So the Delia bashing keeps going on and on. Tit bits are turned into awesome sounding situations as the bulk of the whole remains unsaid. Example, if Delia owns 9% and has given the bank a personal guarantee on a joint and several basis, and IF the project went belly up (no sign of that happening) the bank may ask for the full amount from any of the co guarantors. Now let us assume that, of all guarantors, the bank turns on Delia demanding full repayment, Delia has the legal right to turn on the co guarantors for repayment. So who are they and is their financial strength adequate to effect payment to Delia. If it is than the we are talking here about much more than a long shot. I can go on and on but goodwill must be at the basis of any argument.

      • Joseph Ellis

        You ask lots of questions but you should try and provide the answers. How do you know that the project did not go belly up ? If after 11 years, the developer still owes the bank € 7.2 m, it could only have gone belly up notwithstanding the fact that it is in a supremely prime site and enjoys fantastic views. The question that should also be answered is whether the remaining property of the developer can make good for the balance due. Rumour in Gozo has it that most of the development has already been sold and thus, it is not clear how and when the sum that has been constituted as certain, liquid and due is going to be repaid. This is not a question of Delia bashing but a fundamental question that someone in this financial position cannot aspire to become a leader of the P.N., especially when it has serious financial problems of its own.

        • D. Attard

          You ask me how I know that the project did not go belly up and proceed to talk about rumors despite the fact that Delia states that the value of assets owed by the company exceeds that of liabilities. So Can you confirm to us that the project has in fact gone belly up and that Delia is misleading the audience?

          • D. Attard

            ‘assets owned by the company…’

        • G Darmanin

          You seem to dismiss that the people forgave the Prime Minister, Konrad Mizzi and Keith Schembri of much more serious matters. Not because the people feel that corruption and transparency are not important values, but definitely not at the top of their priorities.
          However it appears that the current PN administration and the so called ‘Magna tal-Partit’ learnt nothing and now is trying to bash one or more of its’ contenders by barking around the same tree.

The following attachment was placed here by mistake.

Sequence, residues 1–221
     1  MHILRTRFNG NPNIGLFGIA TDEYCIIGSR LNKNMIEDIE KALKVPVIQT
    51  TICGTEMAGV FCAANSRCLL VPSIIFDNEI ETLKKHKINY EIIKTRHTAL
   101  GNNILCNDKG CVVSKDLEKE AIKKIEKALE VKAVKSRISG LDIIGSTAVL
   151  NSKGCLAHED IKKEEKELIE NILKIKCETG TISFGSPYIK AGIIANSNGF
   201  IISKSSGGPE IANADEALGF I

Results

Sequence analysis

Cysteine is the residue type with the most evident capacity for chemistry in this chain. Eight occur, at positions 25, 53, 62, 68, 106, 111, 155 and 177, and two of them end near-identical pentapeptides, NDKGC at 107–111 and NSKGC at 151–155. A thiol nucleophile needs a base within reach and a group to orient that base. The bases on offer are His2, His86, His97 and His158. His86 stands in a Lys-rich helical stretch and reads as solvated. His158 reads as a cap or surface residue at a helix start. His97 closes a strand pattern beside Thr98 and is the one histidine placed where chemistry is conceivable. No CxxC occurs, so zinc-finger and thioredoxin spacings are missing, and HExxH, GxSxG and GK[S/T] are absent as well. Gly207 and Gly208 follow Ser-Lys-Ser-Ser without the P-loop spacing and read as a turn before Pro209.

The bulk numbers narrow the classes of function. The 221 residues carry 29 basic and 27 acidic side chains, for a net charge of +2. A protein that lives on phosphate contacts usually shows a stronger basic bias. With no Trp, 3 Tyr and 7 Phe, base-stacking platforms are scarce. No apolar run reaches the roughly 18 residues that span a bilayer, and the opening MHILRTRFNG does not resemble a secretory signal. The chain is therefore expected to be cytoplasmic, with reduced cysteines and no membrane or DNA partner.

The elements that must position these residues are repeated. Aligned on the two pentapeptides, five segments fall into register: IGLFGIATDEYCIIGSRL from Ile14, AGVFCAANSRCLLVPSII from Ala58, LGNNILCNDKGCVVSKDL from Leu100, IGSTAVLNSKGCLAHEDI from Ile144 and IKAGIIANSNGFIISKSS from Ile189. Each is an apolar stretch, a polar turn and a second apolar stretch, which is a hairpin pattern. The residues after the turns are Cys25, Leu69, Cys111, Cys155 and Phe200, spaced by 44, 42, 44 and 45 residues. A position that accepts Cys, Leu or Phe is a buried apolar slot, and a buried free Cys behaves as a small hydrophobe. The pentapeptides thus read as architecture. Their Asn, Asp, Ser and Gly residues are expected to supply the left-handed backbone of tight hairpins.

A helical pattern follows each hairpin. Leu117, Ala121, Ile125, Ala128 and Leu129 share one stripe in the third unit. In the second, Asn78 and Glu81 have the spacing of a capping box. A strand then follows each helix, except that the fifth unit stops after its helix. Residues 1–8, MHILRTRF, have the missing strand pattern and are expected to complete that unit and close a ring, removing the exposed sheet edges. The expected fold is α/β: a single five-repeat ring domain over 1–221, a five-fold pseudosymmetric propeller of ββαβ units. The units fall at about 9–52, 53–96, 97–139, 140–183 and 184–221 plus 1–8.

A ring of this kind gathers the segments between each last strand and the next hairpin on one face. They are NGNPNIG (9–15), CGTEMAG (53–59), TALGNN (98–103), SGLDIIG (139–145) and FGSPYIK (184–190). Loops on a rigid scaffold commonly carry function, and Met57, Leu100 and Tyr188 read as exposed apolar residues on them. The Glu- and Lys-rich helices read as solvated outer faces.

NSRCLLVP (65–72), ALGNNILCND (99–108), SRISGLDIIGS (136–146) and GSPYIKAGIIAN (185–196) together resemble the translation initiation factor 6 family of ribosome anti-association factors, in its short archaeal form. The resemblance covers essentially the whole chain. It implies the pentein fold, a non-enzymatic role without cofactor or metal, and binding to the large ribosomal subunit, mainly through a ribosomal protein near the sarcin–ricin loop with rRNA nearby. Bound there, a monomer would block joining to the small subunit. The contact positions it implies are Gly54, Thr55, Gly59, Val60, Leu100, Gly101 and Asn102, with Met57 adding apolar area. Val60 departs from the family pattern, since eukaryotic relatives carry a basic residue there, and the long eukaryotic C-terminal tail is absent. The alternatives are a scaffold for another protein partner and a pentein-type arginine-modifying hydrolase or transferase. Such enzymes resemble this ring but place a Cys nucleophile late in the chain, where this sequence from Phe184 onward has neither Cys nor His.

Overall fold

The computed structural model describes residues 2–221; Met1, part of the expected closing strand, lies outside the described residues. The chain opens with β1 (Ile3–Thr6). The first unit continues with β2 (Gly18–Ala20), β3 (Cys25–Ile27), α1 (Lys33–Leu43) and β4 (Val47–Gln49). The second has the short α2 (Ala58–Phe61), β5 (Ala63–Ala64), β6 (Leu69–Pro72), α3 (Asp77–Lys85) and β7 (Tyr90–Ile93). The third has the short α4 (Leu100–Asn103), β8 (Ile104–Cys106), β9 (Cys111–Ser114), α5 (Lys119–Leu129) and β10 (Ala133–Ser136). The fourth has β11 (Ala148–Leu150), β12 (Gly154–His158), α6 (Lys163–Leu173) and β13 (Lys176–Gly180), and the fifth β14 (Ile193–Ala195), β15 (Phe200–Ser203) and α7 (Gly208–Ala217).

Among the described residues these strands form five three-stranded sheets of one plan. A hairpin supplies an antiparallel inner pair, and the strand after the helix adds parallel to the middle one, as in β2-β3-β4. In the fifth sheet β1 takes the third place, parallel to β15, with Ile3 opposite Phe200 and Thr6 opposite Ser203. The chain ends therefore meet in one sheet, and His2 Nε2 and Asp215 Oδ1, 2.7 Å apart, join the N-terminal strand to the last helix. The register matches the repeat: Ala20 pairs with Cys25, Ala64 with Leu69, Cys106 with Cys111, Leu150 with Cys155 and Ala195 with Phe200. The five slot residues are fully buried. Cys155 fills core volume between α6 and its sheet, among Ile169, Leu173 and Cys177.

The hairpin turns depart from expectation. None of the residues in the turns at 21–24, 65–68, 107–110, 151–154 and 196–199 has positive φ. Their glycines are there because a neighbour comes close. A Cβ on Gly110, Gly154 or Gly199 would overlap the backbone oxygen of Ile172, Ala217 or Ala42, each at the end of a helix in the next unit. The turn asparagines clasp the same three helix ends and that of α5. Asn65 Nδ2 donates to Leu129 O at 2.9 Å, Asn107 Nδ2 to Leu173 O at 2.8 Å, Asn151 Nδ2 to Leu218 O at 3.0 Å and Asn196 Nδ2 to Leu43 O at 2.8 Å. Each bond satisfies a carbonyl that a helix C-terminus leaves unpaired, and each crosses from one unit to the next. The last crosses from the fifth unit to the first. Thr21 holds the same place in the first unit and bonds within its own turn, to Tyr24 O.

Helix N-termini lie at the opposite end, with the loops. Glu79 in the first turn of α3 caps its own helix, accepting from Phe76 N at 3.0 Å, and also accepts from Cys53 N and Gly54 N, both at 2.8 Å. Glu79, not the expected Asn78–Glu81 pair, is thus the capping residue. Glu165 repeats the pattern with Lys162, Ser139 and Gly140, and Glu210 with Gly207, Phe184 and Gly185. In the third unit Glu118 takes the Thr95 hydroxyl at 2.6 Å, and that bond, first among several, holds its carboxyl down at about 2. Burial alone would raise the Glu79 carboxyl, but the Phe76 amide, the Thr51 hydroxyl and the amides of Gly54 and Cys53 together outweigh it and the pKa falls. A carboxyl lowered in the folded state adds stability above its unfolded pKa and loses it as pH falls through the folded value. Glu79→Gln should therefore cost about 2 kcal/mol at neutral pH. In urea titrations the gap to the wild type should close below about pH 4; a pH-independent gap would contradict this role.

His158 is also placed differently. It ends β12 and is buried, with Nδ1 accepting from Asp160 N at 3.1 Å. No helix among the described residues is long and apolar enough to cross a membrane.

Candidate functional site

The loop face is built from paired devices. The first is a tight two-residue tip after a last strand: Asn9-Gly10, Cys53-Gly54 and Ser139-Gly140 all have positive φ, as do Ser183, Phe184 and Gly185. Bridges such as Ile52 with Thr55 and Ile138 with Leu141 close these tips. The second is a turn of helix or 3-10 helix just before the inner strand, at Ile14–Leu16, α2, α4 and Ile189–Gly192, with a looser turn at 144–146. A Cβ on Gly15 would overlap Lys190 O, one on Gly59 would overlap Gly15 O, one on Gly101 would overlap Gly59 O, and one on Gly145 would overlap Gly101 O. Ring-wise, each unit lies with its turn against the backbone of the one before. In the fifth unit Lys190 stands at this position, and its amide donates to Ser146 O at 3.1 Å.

Yes it is about bashing. If it was not, this fact will be highlighted in the pros and cons of each candidate, then leave it to the councillors then the ‘tesserati’ to decide. But no, the current establishment does not want to risk that, hence applied the same kind of rhetoric that lead us to the biggest electoral humiliation to date.
          Upon such arguments, the elite tend to accuse simple supporters like me that we don’t want to end up like Labour. Of course we don’t, but that does not mean that we have to play the virgin and the self-righteous game. We are not perfect and we will never be. That is a very dangerous game that might harm even the dearest of our past leaders’ tactics. Is the current administration so naïve not to note this? I think they’re not, but are too obsessed on the target so they seem to think that the end justifies the means.
          The DB case comes to mind; what did we get out of that story? At first it appeared as if our kap meant business and wanted to lead by example only to have the muddy cake slapped in our faces. Just to jog our memory, the ToM reported as follows: “We challenge the PN to say what commercial services we received from Medialink in 2016 and how these amounted to €70,800,” the group CEO said, calling the PN’s claims an “outright lie.”To date, no break down of the famous. As far I’m concerned, no break down for these services was ever published.
          I voted PN anyway, but deep down knew that the administration of the party I support is not as clean as they wish me to believe.